Human Rights Activists Upset After Pastor Rick Warren’s Saddleback Church Hosts Rwandan President Paul Kagame to Discuss 1994 Genocide

Rick Warren is pastor at Saddleback Church. (Stan Hope / AFP/Getty Images)

Activists are upset that Pastor Rick Warren’s Saddleback Church in Orange County is hosting Rwandan President Paul Kagame at Sunday’s service in remembrance of the 1994 genocide in the east African country, blaming the country’s leader for brutally suppressing his opponents “to save his dictatorship.”

Warren invited Kagame to speak “as we join our Rwandan brothers and sisters in remembering the 1994 genocide against the Tutsi and thank God together for the renewal the country has experienced over the last 25 years,” according to an announcement of the event. The president was scheduled to speak at morning services and then a reception afterward.

Warren, bestselling author of “The Purpose Driven Life” who has hosted presidents at his Christian megachurch in Lake Forest, was scheduled to interview Kagame on stage.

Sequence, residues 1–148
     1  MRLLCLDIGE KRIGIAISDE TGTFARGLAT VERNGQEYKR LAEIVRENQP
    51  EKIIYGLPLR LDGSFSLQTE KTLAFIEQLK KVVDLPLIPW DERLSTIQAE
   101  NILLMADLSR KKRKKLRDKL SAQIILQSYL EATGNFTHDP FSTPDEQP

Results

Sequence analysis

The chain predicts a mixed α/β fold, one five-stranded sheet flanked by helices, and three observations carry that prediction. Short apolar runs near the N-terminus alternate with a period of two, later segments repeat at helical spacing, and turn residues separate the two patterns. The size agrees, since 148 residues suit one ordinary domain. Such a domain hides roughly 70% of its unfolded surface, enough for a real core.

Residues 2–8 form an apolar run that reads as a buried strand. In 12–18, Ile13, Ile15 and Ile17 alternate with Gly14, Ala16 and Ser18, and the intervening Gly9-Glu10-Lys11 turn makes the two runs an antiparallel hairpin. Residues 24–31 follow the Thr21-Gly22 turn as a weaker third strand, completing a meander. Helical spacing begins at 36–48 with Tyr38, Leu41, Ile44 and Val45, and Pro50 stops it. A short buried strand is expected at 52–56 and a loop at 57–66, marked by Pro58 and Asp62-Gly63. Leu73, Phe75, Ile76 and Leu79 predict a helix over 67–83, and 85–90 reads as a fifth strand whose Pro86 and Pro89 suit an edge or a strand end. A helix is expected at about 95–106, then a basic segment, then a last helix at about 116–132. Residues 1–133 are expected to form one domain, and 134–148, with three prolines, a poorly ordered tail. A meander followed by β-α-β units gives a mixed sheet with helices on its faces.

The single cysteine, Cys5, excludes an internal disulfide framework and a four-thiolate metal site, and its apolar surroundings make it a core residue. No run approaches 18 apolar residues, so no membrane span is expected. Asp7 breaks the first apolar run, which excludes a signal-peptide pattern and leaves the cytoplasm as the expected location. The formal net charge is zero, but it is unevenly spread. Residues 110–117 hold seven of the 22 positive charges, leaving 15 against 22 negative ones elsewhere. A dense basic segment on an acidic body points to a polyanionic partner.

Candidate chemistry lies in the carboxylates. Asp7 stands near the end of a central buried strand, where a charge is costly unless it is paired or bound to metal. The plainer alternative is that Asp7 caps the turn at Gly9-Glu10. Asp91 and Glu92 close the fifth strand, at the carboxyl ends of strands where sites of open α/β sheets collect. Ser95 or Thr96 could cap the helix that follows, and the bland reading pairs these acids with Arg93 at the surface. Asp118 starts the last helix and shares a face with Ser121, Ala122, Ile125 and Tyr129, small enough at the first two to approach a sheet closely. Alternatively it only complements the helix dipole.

“Why would he give attention to someone who has closed thousands of churches and who has consistently denied human rights to his own people?” questioned Aristide Rwigara, the younger brother of Diane Rwigara, who ran against Kagame for president and whom he imprisoned along with her mother and sister after he came to power, according to her family.

“This cannot go unchallenged. Warren is a global figure, and if you want to wear the mantle of spiritual leadership, why would you do this? I used to think he was the real deal, and then I found out that he backed the government — a government that stifles all manner of opposition, that has no humanity,” said Rwigara, who lives in Los Angeles where he works as a translator.

A spokesperson for the church could not be reached for comment.

Kagame has ruled Rwanda since 2000. He led the Rwandan Patriotic Front, a rebel force that took control of the capital, Kigali, during the 1994 genocide and ended the massacre in which 800,000 people were killed by dominant Hutu forces over a three-month period.

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SOURCE: LA Times, Anh Do